Tuesday, May 26, 2015

Potomac Nationals 3 at Myrtle Beach Pelicans 7 (Carolina League) - May 23, 2015

Summer's here, so it's time to make a dent in my remaining minor league parks. There are 160 affiliated teams in 14 leagues, and I've seen 84 of them, meaning there are still 76 to get to. I've also seen every full-season team in the greater New York area, so weekend trips are tough to schedule. It simply isn't worth the price of a return flight to add 2 or 3 parks to the count.

With Memorial Day weekend looming, I needed to figure out a way to get to a few parks without breaking the bank. Fortunately, Hertz had a one-way rental car special - pick up the car in Florida and drop it off in New York (or any other northeastern state) for only $8 a day plus tax. One-way flights to Orlando are quite cheap even at the last minute, and when I checked the minor league baseball schedule, I saw that I could see games in Myrtle Beach, Norfolk, and Richmond on the way home. So I did just that.

I flew to Orlando on Friday night after work, got the car just after 11 pm, and drove to Daytona Beach to stop for the night. The next day I continued on to Myrtle Beach, about 450 miles away. Memorial Day weekend traffic was not that bad and I arrived in plenty of time for the 6 pm start.

TicketReturn.Com Field

Let me start by saying that this is a great ballyard and deserves a much better name.  The official name is TicketReturn.com Field at Pelicans Ballpark, which leaves room for another corporate sponsor for the stadium portion. TRCFAPB is located about a mile from the beach, with the free parking lot easily accessible off Grissom Parkway (named for a former mayor of the city, not former Expo Marquis). From here, you walk to the right field gate, which is where the ticket window (above) is located, with will call slightly further along. You can continue to walk around to the front, but there isn't much there other than a big sign that indicated that I should have showed up on Thursday.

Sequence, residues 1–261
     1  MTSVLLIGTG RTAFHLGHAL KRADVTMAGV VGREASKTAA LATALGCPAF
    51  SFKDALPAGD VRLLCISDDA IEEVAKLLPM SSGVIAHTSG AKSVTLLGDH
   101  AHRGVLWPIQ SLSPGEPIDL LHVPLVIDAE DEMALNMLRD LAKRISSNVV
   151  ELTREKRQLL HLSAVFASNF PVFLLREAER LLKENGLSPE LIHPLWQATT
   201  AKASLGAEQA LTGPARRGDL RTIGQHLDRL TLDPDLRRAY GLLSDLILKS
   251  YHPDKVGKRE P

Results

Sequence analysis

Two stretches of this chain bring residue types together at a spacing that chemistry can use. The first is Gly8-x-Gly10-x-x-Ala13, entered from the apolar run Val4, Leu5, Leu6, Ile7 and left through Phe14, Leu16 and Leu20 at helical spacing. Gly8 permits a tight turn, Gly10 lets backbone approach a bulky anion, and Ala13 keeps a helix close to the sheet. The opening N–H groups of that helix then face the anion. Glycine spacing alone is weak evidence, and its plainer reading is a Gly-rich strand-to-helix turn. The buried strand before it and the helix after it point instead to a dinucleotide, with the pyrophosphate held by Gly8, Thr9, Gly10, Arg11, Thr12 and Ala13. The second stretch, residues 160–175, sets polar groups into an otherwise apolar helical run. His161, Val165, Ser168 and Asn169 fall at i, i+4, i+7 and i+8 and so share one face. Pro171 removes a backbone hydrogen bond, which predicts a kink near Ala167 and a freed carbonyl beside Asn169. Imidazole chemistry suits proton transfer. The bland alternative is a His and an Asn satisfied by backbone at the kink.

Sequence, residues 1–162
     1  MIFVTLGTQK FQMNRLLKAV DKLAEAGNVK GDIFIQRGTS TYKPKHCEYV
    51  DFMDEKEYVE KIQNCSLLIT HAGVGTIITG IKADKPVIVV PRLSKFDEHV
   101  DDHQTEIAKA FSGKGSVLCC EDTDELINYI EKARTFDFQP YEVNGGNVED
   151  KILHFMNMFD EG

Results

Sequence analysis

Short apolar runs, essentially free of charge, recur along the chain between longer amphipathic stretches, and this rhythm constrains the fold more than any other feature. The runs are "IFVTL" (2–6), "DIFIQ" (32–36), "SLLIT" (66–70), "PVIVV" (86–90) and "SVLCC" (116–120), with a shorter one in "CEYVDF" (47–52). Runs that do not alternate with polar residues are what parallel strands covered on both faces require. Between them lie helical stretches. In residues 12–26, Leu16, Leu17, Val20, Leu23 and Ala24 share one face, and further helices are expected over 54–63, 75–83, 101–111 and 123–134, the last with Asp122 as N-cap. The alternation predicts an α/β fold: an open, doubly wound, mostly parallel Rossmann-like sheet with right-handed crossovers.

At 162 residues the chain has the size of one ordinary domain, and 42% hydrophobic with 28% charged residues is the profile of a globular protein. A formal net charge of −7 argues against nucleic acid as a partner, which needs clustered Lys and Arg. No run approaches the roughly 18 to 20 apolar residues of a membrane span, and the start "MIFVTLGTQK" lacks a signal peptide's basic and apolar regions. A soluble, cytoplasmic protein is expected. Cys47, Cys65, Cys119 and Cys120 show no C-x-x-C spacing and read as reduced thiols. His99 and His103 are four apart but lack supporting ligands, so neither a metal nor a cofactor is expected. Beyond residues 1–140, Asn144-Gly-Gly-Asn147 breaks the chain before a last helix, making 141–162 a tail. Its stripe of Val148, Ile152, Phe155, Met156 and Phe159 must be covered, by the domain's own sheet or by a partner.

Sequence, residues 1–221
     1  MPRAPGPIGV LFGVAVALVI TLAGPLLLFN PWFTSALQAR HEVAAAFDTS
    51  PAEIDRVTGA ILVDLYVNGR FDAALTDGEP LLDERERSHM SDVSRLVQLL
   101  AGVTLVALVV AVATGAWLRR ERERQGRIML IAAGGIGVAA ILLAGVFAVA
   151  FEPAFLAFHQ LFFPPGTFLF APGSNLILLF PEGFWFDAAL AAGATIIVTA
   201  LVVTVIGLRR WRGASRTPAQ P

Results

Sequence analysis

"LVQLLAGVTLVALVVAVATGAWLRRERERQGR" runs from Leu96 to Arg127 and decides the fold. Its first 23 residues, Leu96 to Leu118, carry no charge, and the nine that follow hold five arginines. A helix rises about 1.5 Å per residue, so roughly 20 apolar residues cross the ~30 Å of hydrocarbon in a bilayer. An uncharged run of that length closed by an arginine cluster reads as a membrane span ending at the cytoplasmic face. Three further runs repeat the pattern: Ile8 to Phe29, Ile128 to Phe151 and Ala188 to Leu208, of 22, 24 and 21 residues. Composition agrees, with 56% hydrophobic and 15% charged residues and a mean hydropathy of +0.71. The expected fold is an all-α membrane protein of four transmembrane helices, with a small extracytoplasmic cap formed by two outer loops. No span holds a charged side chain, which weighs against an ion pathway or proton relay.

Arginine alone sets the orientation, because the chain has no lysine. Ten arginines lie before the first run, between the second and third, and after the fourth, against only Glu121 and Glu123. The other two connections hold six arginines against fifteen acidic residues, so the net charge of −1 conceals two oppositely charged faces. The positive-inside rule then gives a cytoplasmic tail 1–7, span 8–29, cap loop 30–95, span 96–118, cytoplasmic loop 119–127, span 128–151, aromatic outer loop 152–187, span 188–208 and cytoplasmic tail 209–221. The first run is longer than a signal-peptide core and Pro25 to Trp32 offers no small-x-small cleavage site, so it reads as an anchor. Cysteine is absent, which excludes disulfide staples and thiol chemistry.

This is what the front of the ballpark looks like, with a large water tower just behind.

The savings on parking are lost when buying tickets, which are a couple of bucks more expensive than you would expect at this level. The cheapest is $9, which leaves you in the bleachers out in left field, which are known as the Thirst Inning Deck. Given that the sun is shining in your face for much of the game, the name seems appropriate, and few fans chose this option. You can see the bleachers behind the left field fence in the shot below, as well as the view from there in the second picture with a clearer look at the water tower.

If you are unable to secure some freebies by standing around waiting for someone to offer extras (I was fortunate to gain entry in this manner), just pony up the $9 and sit where you want. I liked the grandstand bleachers that are covered along each baseline (regularly $11) as the shade is quite handy during the hot South Carolina summers, and the sea breeze makes an evening game quite comfortable, though may want to bring a sweater or a blanket as temperatures can drop rapidly after sunset. Box seats are $13 if you want to sit close without worrying about being kicked out of your seat. Note that on Saturdays, local residents get $3 by showing their ID, so if you know someone in Myrtle Beach, ask them to buy you a ticket.